House Speaker Nancy Pelosi is not accustomed to the word she’s been hearing far more frequently in recent days: “no.”
Over the past two weeks, Pelosi has faced a series of subtle but significant challenges to her authority — revolts from Democrats on the Ways and Means Committee, the Congressional Black Caucus, the Blue Dog Coalition and politically vulnerable first- and second-term members.
The dynamic stems from an “every man for himself” attitude developing in the Democratic Caucus rather than a loss of respect for Pelosi, according to a senior Democratic aide. But it’s making Pelosi’s life — and efforts to maintain Democratic unity — harder.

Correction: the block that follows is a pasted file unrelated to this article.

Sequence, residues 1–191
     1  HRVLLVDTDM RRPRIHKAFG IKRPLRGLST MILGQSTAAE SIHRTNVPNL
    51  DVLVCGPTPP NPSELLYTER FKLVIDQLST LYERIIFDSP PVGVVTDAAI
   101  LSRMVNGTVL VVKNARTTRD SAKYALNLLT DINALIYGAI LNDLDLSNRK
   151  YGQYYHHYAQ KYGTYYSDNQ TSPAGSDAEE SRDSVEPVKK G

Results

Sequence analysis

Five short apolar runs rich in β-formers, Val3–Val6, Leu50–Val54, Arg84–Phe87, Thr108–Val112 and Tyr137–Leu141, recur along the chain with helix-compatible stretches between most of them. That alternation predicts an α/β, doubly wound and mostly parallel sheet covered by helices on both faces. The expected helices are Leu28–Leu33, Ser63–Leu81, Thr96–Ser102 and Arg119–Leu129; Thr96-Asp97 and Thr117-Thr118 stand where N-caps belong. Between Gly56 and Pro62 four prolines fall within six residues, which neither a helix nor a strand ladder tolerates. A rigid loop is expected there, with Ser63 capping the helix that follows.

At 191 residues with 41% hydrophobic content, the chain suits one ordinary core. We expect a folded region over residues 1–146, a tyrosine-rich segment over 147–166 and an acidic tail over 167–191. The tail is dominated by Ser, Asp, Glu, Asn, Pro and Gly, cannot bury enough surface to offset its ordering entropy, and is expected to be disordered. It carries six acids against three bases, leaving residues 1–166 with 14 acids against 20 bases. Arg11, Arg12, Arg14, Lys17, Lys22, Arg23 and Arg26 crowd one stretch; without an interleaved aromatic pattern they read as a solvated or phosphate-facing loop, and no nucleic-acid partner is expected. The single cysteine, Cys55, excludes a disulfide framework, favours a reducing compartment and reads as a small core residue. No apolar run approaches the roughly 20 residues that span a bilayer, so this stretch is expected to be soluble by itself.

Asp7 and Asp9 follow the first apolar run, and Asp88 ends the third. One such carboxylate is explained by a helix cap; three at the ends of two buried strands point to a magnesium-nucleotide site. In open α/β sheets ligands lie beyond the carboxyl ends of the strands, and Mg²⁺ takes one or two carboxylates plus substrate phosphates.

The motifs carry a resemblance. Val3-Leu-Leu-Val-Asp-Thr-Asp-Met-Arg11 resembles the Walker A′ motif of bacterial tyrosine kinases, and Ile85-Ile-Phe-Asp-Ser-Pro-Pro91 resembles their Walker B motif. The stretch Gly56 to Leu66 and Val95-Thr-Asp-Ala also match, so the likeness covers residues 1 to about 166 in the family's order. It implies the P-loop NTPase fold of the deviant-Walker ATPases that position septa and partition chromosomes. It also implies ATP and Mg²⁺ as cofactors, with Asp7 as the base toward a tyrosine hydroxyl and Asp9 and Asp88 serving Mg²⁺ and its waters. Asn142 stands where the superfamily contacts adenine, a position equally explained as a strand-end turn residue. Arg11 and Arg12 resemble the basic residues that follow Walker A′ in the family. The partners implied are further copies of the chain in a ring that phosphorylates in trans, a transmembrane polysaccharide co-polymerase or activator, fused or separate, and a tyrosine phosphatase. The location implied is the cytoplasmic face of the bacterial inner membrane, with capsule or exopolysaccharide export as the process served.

And it’s noteworthy, in part, because Pelosi’s signature strength has been a firmer hand than past Democratic leaders — an aptitude for wielding raw power in a consensus-minded caucus.
But her inability — or unwillingness — to dictate when Rep. Charles Rangel would resign his Ways and Means Committee chairmanship and who would replace him is one sign that she is commanding the caucus with less authority.
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